For example: if base A is connected to base B and base B is connected to base C, then base A and C are not considered connected. Each base must connect to the other 2 bases with junk that does not overlap another base.

Exhibition End And Fans Awarded

The game only ends when the star card is revealed. Any junk that has fallen off your structures (and into the sea) are discarded.

Three bridged base pairs: 5 fans

Two bridged base pairs: 3 fans

One bridged base pair: 1 fan

No bridged base pairs: -5 fans

Prague - Czech Republic

Petrin Park plays a big part during Valentine's season, playing host to many people taking a pilgrimage to share a romantic kiss under the sculpture of a romantic poet. Getting overly popular, you have been asked to create a second sculpture for couples to enjoy.

Players: 2-6 

Goal: Keep your sculpture erected for the longest 

Exhibition End: elimination 

Each player reveals the top card of the junk deck and places the junk piece depicted. When you place a piece that touches another piece of the same colour, then you reveal the top 3 cards of the deck. You then select one of the pieces revealed and give it to your opponent to place. They have to place this in a way that will touch another piece of the same colour. This does not trigger them to reveal cards from the deck in turn, this action only happens for whoever's turn it currently is. The other 2 cards are re-shuffled into the deck.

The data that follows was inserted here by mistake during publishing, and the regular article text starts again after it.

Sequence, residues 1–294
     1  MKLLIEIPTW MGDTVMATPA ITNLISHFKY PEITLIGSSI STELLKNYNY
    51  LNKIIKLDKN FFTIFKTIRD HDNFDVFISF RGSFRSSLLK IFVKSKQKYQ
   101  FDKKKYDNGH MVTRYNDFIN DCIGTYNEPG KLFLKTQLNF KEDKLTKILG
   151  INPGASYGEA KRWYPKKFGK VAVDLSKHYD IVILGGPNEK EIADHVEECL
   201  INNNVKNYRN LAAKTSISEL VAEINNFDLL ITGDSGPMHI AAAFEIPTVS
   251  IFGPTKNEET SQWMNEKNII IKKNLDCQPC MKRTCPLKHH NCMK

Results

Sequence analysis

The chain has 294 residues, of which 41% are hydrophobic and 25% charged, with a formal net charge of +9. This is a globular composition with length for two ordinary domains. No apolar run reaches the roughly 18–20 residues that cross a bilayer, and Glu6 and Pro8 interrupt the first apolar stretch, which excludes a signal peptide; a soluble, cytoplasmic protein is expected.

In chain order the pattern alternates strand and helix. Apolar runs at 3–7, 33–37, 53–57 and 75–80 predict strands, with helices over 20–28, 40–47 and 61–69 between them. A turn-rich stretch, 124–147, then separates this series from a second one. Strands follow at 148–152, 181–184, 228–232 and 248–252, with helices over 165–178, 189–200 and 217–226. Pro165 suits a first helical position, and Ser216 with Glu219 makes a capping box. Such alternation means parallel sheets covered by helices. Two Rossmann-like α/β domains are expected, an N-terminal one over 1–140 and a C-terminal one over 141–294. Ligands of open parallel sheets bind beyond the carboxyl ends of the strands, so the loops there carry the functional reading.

If there are no cards revealed that match any colours of any opponents' current structure, then the cards are shuffled back into the deck and the next player takes their turn. 

Players are encouraged to build in a way that tries to leave space for other junk pieces given to them or to employ the rule of nudging pieces with the active piece wisely. If there are only 2 players, start the round with 3 bases each, all touching in anyway, if there are 3 players, use 2 bases each, both touching. 

Exhibition End And Fans Awarded 

The exhibition will end when there is only one sculpture remaining. This will be the sculpture that gets commissioned for the park.

Last sculpture standing - 5 fans 

Second to last sculpture standing - 2 fans 

And There We Go!

So, there you go, if you find yourself running a little bored of the venues in Junk Art, then try some of these out for size. Some of them, are admittedly a little whacky, but that to me just adds to the fun! 

Have fun with Junk Art, and do not be afraid of experimenting with the game and coming up with some unusual venues for yourself! 

Zatu Score


  • Artwork
  • Complexity
  • Replayability
  • Player Interaction
  • Component Quality

You might like

  • Arguably the best dexterity game available.
  • Makes you feel like a giant kid. Who doesnt want that?
  • Great game to welcome new gamers into the hobby.
  • Easy to play and teach.
  • Works incredibly well with any group type.

Might not like

  • The box artwork is hit or miss.
  • Limited number of venues.
  • Only owning one copy of the game.